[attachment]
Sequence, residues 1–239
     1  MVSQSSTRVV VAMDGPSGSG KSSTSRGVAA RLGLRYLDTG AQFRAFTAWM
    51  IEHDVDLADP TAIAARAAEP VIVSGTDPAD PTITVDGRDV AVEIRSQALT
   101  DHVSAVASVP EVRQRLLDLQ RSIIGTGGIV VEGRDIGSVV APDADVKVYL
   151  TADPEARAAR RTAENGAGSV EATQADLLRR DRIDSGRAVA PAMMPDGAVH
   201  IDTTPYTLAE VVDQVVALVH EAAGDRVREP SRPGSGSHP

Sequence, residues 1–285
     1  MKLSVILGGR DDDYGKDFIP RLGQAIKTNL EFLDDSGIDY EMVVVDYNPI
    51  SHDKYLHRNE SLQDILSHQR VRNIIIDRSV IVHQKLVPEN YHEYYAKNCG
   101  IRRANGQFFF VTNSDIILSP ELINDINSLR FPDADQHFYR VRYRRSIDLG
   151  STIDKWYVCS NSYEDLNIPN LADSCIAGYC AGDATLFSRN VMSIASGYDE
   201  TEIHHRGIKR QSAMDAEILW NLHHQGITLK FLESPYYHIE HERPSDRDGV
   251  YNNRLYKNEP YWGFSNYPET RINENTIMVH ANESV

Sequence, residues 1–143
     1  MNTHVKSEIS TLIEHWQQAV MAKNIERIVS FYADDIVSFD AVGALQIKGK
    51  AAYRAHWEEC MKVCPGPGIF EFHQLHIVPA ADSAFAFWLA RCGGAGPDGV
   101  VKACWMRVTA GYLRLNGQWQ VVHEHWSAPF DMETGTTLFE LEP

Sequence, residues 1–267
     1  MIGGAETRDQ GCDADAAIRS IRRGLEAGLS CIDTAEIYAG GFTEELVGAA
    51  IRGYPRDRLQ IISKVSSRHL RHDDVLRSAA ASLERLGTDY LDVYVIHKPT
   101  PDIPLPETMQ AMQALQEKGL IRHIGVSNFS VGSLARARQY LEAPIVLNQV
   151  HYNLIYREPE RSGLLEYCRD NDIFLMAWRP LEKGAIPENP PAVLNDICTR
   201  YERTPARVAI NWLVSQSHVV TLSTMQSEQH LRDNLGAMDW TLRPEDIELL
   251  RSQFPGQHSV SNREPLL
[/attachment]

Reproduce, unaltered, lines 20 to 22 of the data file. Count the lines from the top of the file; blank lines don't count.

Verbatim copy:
    51  IRGYPRDRLQ IISKVSSRHL RHDDVLRSAA ASLERLGTDY LDVYVIHKPT
   101  PDIPLPETMQ AMQALQEKGL IRHIGVSNFS VGSLARARQY LEAPIVLNQV
   151  HYNLIYREPE RSGLLEYCRD NDIFLMAWRP LEKGAIPENP PAVLNDICTR